1.16.2006

Literary thrillers

Dear Miss Snark,

My novel has been described as a "literary thriller" or a "literary page-turner" by writers with more experience than I have.

The first term seems vague, and I can't shake my preconceived notions about what "thriller" means. The second term seems too obvious. (Who's going to buy a book that isn't a page-turner?) I've seen both terms in marketing for books from The Egyptologist and The Rule of Four to Atonement and Extremely Loud & Incredibly Close.

Supposing an author's novel is literary and has elements of a thriller (which I gather to mean exciting plot points). Would she describe it as such in a query letter, or would this designator cause agents to roll their eyes and pass?



Literary thriller is a perfectly acceptable designation for a novel. "Page turner" is a cliche, and solely reserved for the lads in the marketing department who are writing copy for airport bookstore buyers.

A thriller is generally a book in which you know the stakes and the stakes are big (think James Bond saving the world) and the action is fast paced. Not so much whodunit as will he do it.

Agatha Christie did not write thrillers. Neither does Scott Turow or John Grisham.
Ian Fleming wrote thrillers. Really really good ones.

10 comments:

Cornelia Read said...

See "What is a Thriller" on the homepage of the International Thriller Writers website:

http://www.thrillerwriters.org/index.php

Maxwell said...

That's a much broader definition of "Thriller" than Miss Snark uses. It wasn't too long ago that all kinds of crime fiction were found under the mystery genre. Many mysteries had no mystery at all. You knew who dunnit, how, where, when and usually why as the events unfolded.

If you follow the broad definition of thriller, it's looking to become another catch-all genre.

While we're at it: I always thought that Fantasy required the concepts of good and evil, but Science Fiction did not. If a work of Science Fiction used real science and made every effort to speculate reasonably, then it could be considered "Hard Science Fiction." However, the works that did not qualify are never called "Soft Science Fiction."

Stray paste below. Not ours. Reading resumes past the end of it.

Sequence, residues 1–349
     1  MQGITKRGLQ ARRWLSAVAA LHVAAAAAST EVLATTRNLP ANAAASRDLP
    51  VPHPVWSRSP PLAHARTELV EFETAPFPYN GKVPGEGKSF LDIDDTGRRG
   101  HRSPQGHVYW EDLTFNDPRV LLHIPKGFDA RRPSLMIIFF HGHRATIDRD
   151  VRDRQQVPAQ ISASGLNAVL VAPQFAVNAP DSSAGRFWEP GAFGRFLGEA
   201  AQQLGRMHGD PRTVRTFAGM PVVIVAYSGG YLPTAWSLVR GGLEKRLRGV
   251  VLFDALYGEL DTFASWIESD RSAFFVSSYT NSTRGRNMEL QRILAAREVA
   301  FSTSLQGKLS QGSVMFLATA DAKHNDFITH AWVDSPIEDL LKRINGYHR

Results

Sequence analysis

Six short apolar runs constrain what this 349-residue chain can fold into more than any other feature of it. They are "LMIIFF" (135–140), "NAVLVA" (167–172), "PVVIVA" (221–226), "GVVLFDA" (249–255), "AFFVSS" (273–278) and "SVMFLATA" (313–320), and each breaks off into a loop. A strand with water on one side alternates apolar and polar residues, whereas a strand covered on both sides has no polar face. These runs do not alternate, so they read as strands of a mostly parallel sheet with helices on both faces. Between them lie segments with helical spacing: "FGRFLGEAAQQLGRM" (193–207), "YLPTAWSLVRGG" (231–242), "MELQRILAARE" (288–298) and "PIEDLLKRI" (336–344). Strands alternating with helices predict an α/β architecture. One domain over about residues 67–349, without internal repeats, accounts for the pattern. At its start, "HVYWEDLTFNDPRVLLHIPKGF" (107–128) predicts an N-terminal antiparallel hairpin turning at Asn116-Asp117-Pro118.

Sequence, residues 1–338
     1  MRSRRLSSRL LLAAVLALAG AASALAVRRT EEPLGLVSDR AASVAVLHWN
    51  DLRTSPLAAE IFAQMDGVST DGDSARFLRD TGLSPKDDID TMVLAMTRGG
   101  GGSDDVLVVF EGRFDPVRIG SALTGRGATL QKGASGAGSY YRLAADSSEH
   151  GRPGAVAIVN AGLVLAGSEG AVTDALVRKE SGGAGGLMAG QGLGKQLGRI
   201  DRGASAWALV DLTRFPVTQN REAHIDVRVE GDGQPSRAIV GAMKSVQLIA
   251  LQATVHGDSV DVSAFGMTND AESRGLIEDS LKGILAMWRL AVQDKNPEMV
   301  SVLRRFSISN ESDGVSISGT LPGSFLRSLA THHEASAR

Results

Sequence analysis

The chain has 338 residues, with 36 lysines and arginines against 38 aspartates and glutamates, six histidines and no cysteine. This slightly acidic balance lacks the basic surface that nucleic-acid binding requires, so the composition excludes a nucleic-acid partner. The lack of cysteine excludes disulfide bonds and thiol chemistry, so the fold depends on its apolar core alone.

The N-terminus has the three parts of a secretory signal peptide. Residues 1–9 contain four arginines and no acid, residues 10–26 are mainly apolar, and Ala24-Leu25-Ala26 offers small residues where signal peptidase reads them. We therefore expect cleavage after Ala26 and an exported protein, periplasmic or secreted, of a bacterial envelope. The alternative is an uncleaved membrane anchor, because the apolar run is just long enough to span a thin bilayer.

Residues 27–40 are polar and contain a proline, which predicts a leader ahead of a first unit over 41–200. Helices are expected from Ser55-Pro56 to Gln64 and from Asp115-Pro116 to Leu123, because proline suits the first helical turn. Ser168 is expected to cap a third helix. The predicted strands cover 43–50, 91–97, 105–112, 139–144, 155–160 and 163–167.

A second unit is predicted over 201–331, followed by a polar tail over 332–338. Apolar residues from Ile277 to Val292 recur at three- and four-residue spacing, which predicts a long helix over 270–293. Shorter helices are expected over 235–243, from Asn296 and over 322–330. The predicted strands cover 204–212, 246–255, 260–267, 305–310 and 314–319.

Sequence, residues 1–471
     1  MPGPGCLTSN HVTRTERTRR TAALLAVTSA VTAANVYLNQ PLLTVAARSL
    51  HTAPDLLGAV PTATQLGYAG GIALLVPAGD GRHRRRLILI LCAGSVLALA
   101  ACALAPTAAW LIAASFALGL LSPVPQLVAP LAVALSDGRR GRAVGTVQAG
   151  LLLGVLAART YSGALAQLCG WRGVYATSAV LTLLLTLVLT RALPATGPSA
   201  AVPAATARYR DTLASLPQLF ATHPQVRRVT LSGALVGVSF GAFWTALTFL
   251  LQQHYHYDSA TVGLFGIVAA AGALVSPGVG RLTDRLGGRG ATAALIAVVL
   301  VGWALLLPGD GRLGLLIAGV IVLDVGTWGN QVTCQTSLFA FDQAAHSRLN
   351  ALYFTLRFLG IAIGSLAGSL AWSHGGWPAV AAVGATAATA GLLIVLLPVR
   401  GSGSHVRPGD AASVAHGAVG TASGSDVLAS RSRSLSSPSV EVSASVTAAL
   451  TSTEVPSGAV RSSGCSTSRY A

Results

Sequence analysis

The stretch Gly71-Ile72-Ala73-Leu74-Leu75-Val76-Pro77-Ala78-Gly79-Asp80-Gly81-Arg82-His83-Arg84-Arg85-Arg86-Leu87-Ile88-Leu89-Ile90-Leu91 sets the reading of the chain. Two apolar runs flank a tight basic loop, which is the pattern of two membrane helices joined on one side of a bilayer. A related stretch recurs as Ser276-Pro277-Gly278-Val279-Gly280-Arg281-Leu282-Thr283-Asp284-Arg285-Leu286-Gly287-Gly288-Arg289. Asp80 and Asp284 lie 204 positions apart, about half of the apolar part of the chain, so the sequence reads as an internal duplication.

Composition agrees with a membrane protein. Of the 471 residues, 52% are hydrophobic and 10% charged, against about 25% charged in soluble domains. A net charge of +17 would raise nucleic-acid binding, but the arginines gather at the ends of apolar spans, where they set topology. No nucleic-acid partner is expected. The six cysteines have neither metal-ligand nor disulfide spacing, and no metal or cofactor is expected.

Angie said...

What do Scott Turow and John Grisham write? I ask only because I don't know what the specific genre would be. All I can think of is "legal thriller," but obviously that's not it.

Miss Snark said...

actually their work is often described as "legal thrillers" by the marketing department.

those of us who read this genre would probably call them "novels of crime", or just crime fiction.

bonniers said...

However, the works that did not qualify are never called "Soft Science Fiction."

Sure they are. All the time. I write litfic, some magic realism, and a little soft science fiction.

I always thought that Fantasy required the concepts of good and evil..

It's a common theme, but not absolutely necessary. Most people will agree that fantasy requires fantastical elements, like fantastic creatures or the practice of magic, but blood has been shed over what those fantastical elements are. Some fantasy publishers, especially anthologies, include magic realism. Some include alternate history. Many include horror.

It's almost as broad a genre as "thriller."

Maxwell said...

bonniers:

I was trying to be polite about the Soft SciFi. I've heard the term used as an insult. I didn't think, in practice, anyone used the term to describe their own work. I stand corrected.

Good points on fantasy. Obviously, post-modern fantasy is beyond good and evil.

So, what's the difference between Soft SciFi and Fantasy sans good and evil? Just semantics? Ray-gun Vs. Magic Wand? I'm not tying to be cute; I'm genuinely confused.

Maya said...

Maxwell, I took a workshop in which the instructor made the following distinctions:

Sci-Fi: The science (whether hard or soft) had to be earth-based and at least possible.
Fantasy: Had to include “world-building.” Must be set on another world or in a reality other than our own.
Paranormal: Includes elements of legend. These might be vampires, werewolves or mermaids.

These distinctions worked for me.

Maxwell said...

Thanks Maya! That makes perfect sense. That puts Star Wars and Dune in the fantasy camp, which is fine by me. Star Trek gets to be SciFi by virtue of being about humans from Earth. Works for me!

Kaytie said...

Thanks for the clarification on thrillers, and for the unexpected clarification on hard and soft sci-fi.

Since I've just deleted several sentences I found impossible to finish, I'll leave it at thanks.

Clearly I need to ponder Miss Snark's wisdom in terms of my manuscript.

bonnier said...

Hard SF writers and fans do tend to look down on soft SF.

I'm not sure that science fiction definition works, Maya. It's convenient, but it puts all science-based stories depicting truly alien societies in the fantasy camp, where they would most definitely not want to be. Maxwell's "rayguns versus magic wands" is probably about as close as anything :)

There's always "speculative fiction,' a term that covers a great deal more than just fantasy and SF.